Only 28 countries, covering 7% of the world’s population, have comprehensive road safety laws on all five key risk factors: drinking and driving, speeding, and failing to use motorcycle helmets, seat-belts, and child restraints.
The pace of legislative change needs to rapidly accelerate if the number of deaths from road traffic crashes is to be substantially reduced, according to the Global status report on road safety 2013: supporting a decade of action, published by World Health Organisation (WHO).
Key to reducing road traffic mortality will be ensuring that as many Member States as possible have in place laws covering the five key risk factors listed above. The report highlights that most countries — even some of the best performing in terms of the safety of their roads — indicate that enforcement of these laws is inadequate.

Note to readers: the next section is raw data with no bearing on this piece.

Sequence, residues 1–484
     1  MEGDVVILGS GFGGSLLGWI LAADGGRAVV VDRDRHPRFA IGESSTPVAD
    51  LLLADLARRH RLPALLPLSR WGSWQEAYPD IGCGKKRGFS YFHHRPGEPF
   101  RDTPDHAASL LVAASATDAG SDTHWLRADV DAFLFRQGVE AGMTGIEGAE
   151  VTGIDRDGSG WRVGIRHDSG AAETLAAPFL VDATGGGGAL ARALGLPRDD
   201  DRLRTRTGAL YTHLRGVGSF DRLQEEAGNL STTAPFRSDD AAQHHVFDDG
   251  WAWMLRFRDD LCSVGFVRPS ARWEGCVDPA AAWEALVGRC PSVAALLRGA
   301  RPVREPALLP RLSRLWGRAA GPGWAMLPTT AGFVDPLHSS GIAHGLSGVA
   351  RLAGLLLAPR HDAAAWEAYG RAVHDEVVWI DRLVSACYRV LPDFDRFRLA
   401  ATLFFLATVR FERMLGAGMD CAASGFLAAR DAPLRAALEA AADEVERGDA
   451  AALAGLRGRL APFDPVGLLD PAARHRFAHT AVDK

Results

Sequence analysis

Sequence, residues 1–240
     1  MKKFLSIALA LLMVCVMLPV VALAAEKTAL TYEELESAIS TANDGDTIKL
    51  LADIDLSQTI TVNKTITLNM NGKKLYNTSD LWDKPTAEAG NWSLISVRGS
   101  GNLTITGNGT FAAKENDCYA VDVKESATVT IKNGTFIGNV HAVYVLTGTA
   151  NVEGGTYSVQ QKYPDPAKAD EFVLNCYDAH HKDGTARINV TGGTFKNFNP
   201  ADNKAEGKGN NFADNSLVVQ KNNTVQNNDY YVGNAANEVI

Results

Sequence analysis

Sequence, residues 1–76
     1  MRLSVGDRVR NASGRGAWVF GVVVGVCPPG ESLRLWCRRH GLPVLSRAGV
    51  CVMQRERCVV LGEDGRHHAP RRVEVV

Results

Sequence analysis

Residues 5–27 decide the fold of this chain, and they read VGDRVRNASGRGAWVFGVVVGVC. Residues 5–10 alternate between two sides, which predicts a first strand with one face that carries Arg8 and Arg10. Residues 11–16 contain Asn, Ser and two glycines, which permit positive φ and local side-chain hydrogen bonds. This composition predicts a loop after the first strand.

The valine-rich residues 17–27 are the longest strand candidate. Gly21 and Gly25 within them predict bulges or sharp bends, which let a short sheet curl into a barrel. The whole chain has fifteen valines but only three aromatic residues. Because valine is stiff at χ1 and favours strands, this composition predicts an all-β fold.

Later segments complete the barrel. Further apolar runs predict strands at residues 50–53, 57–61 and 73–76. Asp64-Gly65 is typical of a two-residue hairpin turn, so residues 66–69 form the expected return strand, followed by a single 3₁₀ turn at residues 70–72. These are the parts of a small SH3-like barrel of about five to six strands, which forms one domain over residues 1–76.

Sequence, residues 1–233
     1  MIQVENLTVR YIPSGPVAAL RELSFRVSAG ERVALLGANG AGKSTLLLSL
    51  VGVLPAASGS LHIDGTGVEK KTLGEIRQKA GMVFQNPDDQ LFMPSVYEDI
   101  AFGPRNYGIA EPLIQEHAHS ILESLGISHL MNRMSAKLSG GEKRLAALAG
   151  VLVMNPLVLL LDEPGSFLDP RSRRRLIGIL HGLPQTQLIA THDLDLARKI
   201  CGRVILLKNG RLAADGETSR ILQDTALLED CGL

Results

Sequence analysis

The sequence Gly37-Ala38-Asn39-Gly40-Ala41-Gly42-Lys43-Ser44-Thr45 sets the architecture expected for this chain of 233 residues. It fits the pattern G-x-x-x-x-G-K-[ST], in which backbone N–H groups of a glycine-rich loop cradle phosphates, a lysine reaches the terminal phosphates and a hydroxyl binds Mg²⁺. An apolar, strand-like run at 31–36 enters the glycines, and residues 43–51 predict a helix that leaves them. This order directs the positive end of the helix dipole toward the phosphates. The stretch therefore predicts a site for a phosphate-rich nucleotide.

“Political will is needed at the highest level of government to ensure appropriate road safety legislation and stringent enforcement of laws by which we all need to abide,” says WHO Director-General Dr Margaret Chan. “If this cannot be ensured, families and communities will continue to grieve, and health systems will continue to bear the brunt of injury and disability due to road traffic crashes.”
Source: World Health Organisation